Before writing the press release, research should be done on what the media has been covering in recent weeks or months. Re-angle your press release to discuss how your new product, service, or award is relevant to the issue. Remember that journalists don't care about your product or your company (unless you are an industry giant), so you have to make them understand the value of your press release in the context of the whole industry
Jomel Alos, Online PR Lead at Spiralytics
The structure of a press release is one of the most important aspects. Start with an opener that grabs attention and instantly communicates the most pertinent message. Then step back and go into more detail about the news/event/product, keeping things concise and relevant to your target audience. Finally, close with a call to action or the message you want to leave in the mind of the reader – this can even mirror your opening sentence to really drive the message home.
Alex Barber, PR Manager at The Pen Warehouse
One way to make your press release unique is to use a statistic that is provoking, runs counter to conventional thought, is interesting or humorous. A stat like that can make your headline pop and grab the media's attention. Another way to ensure your press release gets attention is through the use of shareable multimedia. Telling your story through visuals, such as infographics or videos, is a compelling way to get the attention you deserve. Lastly, speaking of videos, you could turn your press release into a short video! This provides a creative way to show the media your story.
Alexis Bealer, Account Associate at McGrath/Power Public Relations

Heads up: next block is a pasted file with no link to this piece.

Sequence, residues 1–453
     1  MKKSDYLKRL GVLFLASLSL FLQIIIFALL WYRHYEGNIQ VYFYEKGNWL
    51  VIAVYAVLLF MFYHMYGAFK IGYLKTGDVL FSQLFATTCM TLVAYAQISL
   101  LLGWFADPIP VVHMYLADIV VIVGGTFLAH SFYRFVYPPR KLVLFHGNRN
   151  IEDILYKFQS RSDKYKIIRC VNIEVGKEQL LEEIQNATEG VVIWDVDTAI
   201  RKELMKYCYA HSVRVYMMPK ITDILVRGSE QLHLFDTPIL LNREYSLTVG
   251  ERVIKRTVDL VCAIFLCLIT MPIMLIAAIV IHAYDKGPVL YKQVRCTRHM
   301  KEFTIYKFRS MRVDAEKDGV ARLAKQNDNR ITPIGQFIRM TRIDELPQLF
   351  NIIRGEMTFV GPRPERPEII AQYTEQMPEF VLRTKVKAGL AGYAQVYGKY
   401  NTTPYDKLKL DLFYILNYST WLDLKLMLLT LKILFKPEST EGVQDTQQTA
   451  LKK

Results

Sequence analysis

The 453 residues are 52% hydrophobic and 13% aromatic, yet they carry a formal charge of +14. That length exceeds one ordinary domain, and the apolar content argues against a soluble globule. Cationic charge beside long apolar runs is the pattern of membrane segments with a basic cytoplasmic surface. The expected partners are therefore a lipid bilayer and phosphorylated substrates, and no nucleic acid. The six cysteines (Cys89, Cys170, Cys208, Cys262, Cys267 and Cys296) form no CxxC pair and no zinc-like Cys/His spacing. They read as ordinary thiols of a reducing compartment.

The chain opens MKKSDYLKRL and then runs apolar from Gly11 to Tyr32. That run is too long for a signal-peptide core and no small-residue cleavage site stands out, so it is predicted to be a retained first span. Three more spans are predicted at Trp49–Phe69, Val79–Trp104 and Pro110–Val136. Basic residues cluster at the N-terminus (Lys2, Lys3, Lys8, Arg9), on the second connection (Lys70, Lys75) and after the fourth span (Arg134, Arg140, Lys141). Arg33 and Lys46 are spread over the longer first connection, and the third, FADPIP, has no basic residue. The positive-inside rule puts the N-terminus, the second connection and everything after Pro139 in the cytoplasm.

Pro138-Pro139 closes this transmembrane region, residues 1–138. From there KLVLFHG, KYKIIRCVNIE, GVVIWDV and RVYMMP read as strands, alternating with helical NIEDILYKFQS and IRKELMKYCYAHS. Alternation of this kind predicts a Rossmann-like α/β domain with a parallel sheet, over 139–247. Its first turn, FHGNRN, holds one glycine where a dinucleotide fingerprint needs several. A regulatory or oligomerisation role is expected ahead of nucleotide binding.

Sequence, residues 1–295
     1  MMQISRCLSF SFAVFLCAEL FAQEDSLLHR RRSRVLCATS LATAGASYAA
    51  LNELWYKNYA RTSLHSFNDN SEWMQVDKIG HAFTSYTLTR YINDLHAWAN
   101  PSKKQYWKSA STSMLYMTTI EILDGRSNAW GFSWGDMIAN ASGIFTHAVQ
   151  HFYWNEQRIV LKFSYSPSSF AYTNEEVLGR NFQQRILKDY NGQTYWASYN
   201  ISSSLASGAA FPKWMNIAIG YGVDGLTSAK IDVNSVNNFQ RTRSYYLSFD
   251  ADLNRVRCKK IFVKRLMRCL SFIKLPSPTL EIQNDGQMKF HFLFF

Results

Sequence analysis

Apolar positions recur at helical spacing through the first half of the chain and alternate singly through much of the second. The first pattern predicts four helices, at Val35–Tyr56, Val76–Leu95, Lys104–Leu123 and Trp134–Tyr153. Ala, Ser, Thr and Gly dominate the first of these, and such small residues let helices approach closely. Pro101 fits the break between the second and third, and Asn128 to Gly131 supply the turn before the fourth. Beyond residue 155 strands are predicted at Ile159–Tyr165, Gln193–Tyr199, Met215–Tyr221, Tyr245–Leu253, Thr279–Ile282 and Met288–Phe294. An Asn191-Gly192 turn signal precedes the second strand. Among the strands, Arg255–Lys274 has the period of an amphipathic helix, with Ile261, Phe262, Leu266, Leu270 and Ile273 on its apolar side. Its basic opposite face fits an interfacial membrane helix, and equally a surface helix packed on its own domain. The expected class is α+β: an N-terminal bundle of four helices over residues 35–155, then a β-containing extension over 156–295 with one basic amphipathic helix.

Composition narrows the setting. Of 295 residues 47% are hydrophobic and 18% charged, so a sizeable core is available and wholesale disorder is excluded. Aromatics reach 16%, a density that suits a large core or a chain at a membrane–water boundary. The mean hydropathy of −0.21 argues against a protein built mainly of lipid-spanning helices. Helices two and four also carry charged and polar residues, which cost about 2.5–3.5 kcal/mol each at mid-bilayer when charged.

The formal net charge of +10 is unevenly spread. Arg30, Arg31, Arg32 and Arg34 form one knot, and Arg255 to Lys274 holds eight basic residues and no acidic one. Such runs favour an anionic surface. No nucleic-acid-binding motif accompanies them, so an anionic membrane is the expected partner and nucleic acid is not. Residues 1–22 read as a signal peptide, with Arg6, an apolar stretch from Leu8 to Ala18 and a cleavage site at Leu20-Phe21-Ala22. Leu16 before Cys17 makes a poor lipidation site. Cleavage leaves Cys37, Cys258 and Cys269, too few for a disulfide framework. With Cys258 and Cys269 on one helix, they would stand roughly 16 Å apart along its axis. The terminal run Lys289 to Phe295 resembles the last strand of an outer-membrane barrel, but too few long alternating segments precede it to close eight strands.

How you choose to write your headline depends on your distribution strategy. Will you be posting it up on newswire or will be you targeting specific media outlets/journalist? If you're going to use newswire and similar press release distribution platforms, then you want to keep the headline with a general interest, not diving in too deeply to a niche-specific aspect of the release. Have it target the general audience instead of your primary audience. Keeping it somewhat general will ensure your release won't be disregarded by journalists who don't typically cover your industry as easily.
If you're targeting specific outlets (or even better journalists), then you can get a bit more creative. Look into what some of their recent articles have been covering, as well as which ones have been viewed or shared online the most. Then see if there's a correlation between those articles and your press release. If there is, make sure your headline reflects the connection. An outlet or journalist will be aware of which of their pieces are doing well in regards to readership and will be more likely to write a story about your release if it touches on what's been performing well that week.
Alex Belanger, Digital PR Coordinator at seoplus+
Are we missing your favorite piece of advice on writing press releases? Tweet it to me at @Claire_Brenner and we’ll add it to the list! And if you want even more, be sure to check out our ultimate guide on how to write a press release and how to write an electronic press kit (EPK).
Claire is the content marketing team lead, coming to G2 after graduating from the University of Dayton. Born and raised in the Chicago area, her brief stint in Ohio gave her a new appreciation for deep-dish pizza, but left her well-versed in Cincinnati-style chili and "cities" with a population fewer than 400,000. While not writing, Claire can be found practicing calligraphy, seeking out the best dive bars in Chicago, and planning her next trip. (she/her/hers)